Did you know that only 1% of Namibia’s standing encroacher bush biomass resource could be used to produce 900 Megawatt (MW) of renewable electricity? Not only is that enough to meet the country’s 650 MW peak electricity demand, but there would even be some power left over to supply the southern African power pool with, and earn some extra spending money along the way.
Using encroacher bush to produce energy is a win, win, win for Namibia. The raw material, encroacher bush, grows naturally across our 45 million hectares of our land, and it becomes a problem when it is allowed to completely take over, which it has. So, in removing it in a sustainable manner, to produce energy, we win more productive, more biodiverse rangelands, we win more sustainable, decentralised jobs, and we win locally generated renewable energy.
The fact is, Namibia needs all those wins, now more than ever, and yet, we have been importing over 70% of our electricity demand from South Africa’s Eskom and others; we have almost no grazing left due to the joint effect of the current drought and bush encroachment; and we have sky-high unemployment rates.
But then why is this biomass energy topic still so overlooked? Well, it’s simple. Our energy economy only ever focuses on one thing – profitability. The other two important bottom lines that we seem to be ignoring are the environmental and social ones, which are essential to the future of our country, and the world. And yet everyone knows about solar power in Namibia. It is popular because it is very cheap! But that is where the benefits tend to end. Solar power does not create many local jobs. Solar energy also doesn’t make more grass grow, it doesn’t increase biodiversity, and it doesn’t create any valuable by-products. Biomass energy does.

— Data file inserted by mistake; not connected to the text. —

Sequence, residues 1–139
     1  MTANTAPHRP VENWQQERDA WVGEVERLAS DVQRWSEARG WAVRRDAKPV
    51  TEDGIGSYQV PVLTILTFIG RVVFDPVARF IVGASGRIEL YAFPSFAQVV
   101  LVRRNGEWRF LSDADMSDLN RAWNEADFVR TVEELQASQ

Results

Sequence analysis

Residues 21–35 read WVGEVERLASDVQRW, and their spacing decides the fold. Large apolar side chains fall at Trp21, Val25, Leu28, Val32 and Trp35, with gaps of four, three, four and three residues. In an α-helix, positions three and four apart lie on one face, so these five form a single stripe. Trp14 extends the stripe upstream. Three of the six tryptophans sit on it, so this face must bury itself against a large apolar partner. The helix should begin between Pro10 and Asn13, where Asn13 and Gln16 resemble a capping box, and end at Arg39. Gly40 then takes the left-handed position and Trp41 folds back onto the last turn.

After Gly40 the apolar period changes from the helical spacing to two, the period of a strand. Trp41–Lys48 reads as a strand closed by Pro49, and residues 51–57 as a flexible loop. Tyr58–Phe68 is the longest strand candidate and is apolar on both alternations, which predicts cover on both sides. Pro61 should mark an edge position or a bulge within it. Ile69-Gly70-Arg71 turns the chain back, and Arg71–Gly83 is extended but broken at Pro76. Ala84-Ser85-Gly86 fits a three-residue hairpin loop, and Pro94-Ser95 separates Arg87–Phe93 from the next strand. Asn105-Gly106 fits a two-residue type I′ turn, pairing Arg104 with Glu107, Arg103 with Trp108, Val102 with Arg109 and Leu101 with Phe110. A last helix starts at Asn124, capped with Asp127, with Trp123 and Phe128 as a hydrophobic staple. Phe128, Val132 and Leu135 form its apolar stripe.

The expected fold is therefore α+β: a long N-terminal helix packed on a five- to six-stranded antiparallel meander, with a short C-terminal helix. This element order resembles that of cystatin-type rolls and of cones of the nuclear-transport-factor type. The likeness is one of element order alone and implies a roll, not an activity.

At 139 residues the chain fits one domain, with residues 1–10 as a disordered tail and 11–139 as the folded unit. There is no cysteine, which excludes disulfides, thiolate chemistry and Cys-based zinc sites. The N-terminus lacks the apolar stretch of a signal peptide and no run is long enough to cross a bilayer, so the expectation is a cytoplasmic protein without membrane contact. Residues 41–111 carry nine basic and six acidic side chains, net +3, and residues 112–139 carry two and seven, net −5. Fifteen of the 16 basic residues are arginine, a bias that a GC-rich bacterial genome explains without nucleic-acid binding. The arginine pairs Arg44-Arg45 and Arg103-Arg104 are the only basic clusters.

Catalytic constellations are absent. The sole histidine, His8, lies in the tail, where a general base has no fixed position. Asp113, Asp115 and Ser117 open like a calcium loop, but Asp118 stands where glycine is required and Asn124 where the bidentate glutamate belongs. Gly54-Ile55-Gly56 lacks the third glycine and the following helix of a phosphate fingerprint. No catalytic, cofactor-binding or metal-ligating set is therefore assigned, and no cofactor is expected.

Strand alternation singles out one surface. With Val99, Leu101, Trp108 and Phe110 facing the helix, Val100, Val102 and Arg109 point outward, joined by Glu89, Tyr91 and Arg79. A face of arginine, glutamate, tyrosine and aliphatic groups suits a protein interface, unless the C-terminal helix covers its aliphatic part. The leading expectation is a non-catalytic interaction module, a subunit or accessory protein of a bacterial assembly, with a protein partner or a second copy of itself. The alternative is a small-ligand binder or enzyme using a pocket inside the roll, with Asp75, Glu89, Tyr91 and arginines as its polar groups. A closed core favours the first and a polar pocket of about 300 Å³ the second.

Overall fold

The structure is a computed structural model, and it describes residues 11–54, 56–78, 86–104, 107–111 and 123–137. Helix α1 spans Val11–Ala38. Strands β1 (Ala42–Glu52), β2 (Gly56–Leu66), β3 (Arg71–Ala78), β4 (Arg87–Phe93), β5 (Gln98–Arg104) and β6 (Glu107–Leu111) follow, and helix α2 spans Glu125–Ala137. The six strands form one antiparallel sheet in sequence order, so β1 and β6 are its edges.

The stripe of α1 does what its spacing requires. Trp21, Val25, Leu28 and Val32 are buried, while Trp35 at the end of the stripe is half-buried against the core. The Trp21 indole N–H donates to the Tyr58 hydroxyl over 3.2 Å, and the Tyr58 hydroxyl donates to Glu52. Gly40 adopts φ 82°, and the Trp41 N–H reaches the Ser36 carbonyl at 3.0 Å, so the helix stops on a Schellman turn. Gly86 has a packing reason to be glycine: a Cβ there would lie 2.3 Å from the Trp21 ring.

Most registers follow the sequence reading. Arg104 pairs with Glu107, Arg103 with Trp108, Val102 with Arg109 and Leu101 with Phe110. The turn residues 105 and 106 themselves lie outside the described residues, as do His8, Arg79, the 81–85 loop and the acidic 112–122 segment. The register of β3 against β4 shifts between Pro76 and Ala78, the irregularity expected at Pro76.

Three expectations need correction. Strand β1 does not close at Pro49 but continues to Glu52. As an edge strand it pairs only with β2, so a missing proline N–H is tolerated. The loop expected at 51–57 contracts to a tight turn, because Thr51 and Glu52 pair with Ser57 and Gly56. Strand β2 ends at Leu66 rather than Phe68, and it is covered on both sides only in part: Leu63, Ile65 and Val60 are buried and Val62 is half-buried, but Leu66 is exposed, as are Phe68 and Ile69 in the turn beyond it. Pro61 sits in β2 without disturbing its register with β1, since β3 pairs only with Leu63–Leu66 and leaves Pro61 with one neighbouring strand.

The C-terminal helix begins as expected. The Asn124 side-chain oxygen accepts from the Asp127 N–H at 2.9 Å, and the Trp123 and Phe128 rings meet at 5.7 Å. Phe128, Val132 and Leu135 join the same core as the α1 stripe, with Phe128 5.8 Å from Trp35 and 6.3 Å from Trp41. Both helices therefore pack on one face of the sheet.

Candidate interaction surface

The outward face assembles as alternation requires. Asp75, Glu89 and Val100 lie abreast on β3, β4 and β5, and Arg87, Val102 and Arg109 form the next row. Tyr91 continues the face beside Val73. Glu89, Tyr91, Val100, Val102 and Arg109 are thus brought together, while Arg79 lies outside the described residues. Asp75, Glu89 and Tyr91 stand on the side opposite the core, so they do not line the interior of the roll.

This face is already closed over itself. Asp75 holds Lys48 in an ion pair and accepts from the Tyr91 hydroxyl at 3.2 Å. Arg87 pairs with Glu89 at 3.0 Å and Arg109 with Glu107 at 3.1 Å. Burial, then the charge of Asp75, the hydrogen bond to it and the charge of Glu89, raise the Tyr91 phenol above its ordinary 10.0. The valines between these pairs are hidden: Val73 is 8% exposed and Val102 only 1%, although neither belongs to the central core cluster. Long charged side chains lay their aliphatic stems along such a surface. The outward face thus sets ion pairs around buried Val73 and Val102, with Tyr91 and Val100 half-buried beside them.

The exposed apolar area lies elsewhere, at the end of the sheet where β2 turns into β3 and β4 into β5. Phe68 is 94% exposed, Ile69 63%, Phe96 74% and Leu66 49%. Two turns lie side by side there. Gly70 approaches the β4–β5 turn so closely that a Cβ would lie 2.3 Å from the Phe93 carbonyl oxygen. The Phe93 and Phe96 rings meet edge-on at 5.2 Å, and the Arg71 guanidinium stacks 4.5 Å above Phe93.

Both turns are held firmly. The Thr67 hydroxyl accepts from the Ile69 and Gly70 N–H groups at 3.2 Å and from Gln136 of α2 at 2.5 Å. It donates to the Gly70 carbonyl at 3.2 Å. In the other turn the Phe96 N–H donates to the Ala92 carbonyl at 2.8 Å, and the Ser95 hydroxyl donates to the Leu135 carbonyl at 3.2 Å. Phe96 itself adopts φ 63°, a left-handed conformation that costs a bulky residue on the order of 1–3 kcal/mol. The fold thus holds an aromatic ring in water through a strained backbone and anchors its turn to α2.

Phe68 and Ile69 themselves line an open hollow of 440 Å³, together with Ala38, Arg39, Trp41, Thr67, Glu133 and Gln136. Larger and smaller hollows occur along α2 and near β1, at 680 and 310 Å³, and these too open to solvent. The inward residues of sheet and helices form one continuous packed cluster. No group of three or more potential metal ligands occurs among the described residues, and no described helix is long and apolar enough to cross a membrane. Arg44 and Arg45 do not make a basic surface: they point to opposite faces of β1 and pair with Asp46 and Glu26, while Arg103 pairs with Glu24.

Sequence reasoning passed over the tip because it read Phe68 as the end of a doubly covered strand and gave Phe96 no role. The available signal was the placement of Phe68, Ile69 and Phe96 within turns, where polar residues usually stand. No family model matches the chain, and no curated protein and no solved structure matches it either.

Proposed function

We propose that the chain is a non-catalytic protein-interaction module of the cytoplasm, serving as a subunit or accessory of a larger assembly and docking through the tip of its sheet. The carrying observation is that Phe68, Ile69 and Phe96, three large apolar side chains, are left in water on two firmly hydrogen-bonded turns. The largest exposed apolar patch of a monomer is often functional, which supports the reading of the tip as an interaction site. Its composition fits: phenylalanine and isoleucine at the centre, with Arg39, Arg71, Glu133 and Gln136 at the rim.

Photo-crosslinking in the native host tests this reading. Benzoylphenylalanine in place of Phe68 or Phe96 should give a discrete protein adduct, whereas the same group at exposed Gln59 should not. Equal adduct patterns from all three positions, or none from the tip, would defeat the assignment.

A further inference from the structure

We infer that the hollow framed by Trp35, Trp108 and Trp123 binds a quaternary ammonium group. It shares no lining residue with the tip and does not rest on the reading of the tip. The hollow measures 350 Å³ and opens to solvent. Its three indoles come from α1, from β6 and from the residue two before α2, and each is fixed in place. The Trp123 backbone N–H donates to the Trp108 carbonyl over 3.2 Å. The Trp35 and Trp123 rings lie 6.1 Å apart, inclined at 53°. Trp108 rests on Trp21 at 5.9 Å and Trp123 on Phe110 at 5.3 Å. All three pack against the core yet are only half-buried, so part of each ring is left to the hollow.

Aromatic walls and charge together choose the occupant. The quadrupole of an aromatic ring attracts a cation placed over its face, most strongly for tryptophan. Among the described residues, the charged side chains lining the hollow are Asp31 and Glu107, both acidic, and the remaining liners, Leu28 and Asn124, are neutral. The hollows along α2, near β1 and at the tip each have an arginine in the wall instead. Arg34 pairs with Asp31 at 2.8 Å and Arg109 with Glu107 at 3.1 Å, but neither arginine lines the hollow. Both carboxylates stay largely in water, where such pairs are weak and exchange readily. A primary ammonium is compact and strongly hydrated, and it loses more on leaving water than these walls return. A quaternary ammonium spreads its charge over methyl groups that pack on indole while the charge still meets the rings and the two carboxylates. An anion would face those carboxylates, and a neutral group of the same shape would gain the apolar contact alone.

The Namibia Biomass Industry Group is busy exploring how we can use biomass to unlock the triple bottom line within Namibia’s energy sector. The upcoming Biomass Technology Expo 2019 will be hosting some of the world’s leading biomass energy technology providers, including John Thompson from South Africa, Kohlbach from Austria, and Spanner Re2 from Germany. These technology providers have biomass energy solutions of all sizes, starting from 9 kW systems, to those above 10 MW. They, amongst others, will be in Namibia for us to engage with them, and to benefit from their expertise and technology offerings.
Biomass energy systems can replace diesel generators, heavy fuel oil and coal-fired boilers, as well as imported fossil-fuel power. Biomass systems produce electricity and/or heat on demand. These systems can be used in off-grid, micro-grid, and mini-grid systems, as well as on a utility level. They can be supplied with locally harvested and processed biomass, and generate useful by-products such as process heat, char, and/or wood ash.
So don’t miss the chance to come and engage over 95 exhibitors at the Biomass Technology Expo 2019, on 9th of August, at Otjiwa Safari Lodge, 40 km south of Otjiwarongo. Buy your tickets online, via Webtickets Namibia, or at your local Pick’n’Pay.
Authored by Colin Lindeque, General Manager of the Namibia Biomass Industry Group (N-BiG), a non-profit industry association for the biomass sector in Namibia. For more information, visit www.n-big.org
|Biomass Energy Facts|
|- Namibia currently has an estimated 45 million hectares affected by bush encroachment.|
|- On average, over 10 tonnes of bush biomass is available for harvest per hectare.|
|- 5000 tonnes of bush can generate 1 Megawatt of electrical output per year|
|- It would take 3 million tonnes of wood to power Namibia per year|
|- Namibia has an estimated 450 million tonnes of encroacher bush|
|- Biomass energy is renewable and is cleaner than fossil fuels|
Biomass Energy Bush encroachment Namibia N-BiG